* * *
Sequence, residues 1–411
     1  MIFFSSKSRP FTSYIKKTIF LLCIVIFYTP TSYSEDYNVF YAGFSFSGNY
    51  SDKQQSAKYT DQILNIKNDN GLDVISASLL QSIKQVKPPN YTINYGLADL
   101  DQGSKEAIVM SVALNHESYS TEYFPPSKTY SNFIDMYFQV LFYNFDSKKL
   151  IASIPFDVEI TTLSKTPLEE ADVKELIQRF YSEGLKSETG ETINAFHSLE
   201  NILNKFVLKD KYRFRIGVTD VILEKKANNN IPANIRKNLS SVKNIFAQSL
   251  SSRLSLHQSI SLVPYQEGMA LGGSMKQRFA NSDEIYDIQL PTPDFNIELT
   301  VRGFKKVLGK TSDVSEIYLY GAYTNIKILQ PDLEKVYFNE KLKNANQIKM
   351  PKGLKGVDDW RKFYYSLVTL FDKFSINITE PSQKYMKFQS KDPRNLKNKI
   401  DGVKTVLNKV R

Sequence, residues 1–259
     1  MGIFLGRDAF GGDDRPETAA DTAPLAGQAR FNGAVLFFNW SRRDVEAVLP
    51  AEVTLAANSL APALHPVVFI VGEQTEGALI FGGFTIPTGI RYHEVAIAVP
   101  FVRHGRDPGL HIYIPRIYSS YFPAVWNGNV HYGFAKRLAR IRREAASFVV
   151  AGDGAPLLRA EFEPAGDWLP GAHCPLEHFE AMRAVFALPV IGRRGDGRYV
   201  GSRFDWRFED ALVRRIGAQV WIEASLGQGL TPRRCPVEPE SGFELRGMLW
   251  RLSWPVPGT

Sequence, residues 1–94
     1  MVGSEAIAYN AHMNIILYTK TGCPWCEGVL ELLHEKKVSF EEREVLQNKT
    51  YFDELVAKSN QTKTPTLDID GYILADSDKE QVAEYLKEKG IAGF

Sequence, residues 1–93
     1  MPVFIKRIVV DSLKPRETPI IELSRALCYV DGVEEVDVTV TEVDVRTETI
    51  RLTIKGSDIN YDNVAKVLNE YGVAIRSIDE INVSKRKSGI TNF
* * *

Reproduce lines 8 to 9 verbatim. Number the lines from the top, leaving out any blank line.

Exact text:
   301  VRGFKKVLGK TSDVSEIYLY GAYTNIKILQ PDLEKVYFNE KLKNANQIKM
   351  PKGLKGVDDW RKFYYSLVTL FDKFSINITE PSQKYMKFQS KDPRNLKNKI